A newcomer on his first business appointment here was asked by a lumber company president how long he would be living in Houston. "Two or three years," the newcomer replied, to which the lumber man remarked:

"Well, that's long enough to get a piece of the action."

Whatever else the image of this city - pickup trucks with gun racks, corporate cathedrals where oil is worshiped, medical centers where miracles are performed - Houston in the final analysis is unabashedly and proudly a place for getting a piece of the action.

Here, a young woman casually talks with her date about the "entrepreneurial spirit" as though it were a movie. Here, a man takes $600 in savings and becomes a millionaire on valves. Here, a mortgage banker recites his first lesson in business: "Zero input equals infinite return." (Or, get rich on other people's money.)

In recognition of all the action to be had here, Gucci - in the form of shoes, clothes and luggage - arrived last week. The week before, a Palm restaurant opened with sawdust on the floor and caricatures of obscure people on the walls. The week before that it was a new nightspot, where you can rent any of 100 girls to converse, drink or shoot pool with you.

The Palm, though, puts Houston in the same league as New York, Los Angeles and Washington, D.C., and it will be interesting to see how Gucci and "Palm" steak make out in this city, where crepes are advertised on radio as "French enchiladas."

Nothing better measures the level of action in Houston than the fact that this has become the first city in the United States where the Yellow Pages are so big they are now being printed in two volumes - Abdominal supports to Lumber and Machine Shops to Zirconium.

More scientifically, Houston's retail sales have grown faster than those in any other major metropolitan area. From 1972 to 1977, retail sales rose 153 percent, to $12.5 billion. Last Tuesday, the city approved the billionth dollar in new construction for this year and said that by year's end $1.75 billion in new construction will have been authorized.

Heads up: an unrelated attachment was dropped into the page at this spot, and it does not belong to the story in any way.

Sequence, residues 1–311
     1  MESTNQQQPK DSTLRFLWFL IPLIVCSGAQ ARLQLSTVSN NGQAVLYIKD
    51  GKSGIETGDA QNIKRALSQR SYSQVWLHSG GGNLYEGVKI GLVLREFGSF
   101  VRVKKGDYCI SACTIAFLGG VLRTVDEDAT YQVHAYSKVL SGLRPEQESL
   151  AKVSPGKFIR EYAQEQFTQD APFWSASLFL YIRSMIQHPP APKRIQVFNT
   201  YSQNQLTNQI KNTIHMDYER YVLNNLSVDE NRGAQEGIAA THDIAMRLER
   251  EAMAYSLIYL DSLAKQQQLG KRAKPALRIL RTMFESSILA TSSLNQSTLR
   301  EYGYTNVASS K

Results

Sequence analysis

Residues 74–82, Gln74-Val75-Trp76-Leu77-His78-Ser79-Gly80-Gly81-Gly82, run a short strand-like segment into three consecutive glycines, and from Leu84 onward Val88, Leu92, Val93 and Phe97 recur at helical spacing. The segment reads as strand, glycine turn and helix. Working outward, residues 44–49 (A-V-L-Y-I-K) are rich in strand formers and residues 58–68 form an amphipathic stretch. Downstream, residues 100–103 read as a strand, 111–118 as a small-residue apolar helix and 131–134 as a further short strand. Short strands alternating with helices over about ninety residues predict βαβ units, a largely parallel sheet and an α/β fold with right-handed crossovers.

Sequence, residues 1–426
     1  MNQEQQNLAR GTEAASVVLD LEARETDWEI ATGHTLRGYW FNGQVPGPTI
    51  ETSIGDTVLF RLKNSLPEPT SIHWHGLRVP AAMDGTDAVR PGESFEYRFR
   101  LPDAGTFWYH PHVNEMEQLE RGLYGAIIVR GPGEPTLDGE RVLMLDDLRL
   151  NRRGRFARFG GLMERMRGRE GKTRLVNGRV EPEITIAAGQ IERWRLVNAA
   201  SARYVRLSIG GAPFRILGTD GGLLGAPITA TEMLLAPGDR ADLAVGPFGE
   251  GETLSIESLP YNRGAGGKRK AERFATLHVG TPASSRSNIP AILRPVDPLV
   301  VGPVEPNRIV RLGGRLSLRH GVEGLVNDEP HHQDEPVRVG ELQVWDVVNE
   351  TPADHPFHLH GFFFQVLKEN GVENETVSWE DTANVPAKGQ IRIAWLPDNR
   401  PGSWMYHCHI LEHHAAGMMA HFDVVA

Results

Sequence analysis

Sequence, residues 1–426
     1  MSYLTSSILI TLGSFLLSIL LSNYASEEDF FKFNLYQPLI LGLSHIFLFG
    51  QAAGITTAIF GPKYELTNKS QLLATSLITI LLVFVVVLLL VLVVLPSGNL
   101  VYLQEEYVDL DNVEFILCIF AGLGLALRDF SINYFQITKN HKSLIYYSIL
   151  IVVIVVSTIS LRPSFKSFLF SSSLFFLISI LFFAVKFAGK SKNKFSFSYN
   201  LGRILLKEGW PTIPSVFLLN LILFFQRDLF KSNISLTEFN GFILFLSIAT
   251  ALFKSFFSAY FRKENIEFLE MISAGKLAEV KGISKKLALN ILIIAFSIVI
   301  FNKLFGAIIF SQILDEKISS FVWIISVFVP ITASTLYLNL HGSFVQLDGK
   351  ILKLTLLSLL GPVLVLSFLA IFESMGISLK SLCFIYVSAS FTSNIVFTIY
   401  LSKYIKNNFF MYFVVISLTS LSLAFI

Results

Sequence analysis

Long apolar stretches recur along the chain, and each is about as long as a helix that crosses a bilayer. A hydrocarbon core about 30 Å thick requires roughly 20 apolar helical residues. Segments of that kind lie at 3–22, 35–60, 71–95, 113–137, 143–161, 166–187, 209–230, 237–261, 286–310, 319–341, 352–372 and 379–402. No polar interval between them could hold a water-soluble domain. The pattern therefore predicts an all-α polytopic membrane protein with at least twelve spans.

Last year's billion-dollar-plus in new construction was second only to Los Angeles, and it appears that this year will be Houston's turn as No. 1.

"We are not trying to grow," said J. L. Taylor of the Houston Chamber of Commerce, "we are trying to develop economically, and people are coming here to take advantage of that." Taylor notes that personal income is rising fater here than any other place, even as more and more people move in for a piece of the fiction.

One thing painfully obvious, however, is the number of people clearly not getting a peice of the action. Abject, sourthern-style rural poverty provides a sad and seedy forecourt to the towering successes of downtown Houston.

Canted railroad flat houses dirt and shell-covered streets, the houses separated from the street in many cases by drainage ditches holding standing pools of water. The intersection of Jensen and Lyons, once a bustling commercial area, today resembles an abandoned rural crossroad.

This economic bust for many is lost in the general economic boom for most people in Houston, where 4 percent (and sometimes less) unemployment masks pockets of joblessness reaching up to 40 percent among minority youth. There are traditional reasons, such as discrimination. With 15 percent of the population, for example, Hispanics hold 1 percent of the jobs in the city bus system.

Then, too, there is the nature of the growth here, a phenomenal job expansion that one city study concluded has largely been in skilled, technical or professional occupations, the type of jobs advertised on the Astrodome scoreboard between innings and not the kind open to undereducated and unskilled blacks and Hispanics.

Money magazine called Houston the fourth best place in the country to get a job in the 1980s, yet city officials see a "disturbing mismatch" that will put more than half of the new jobs here out of reach of the unskilled.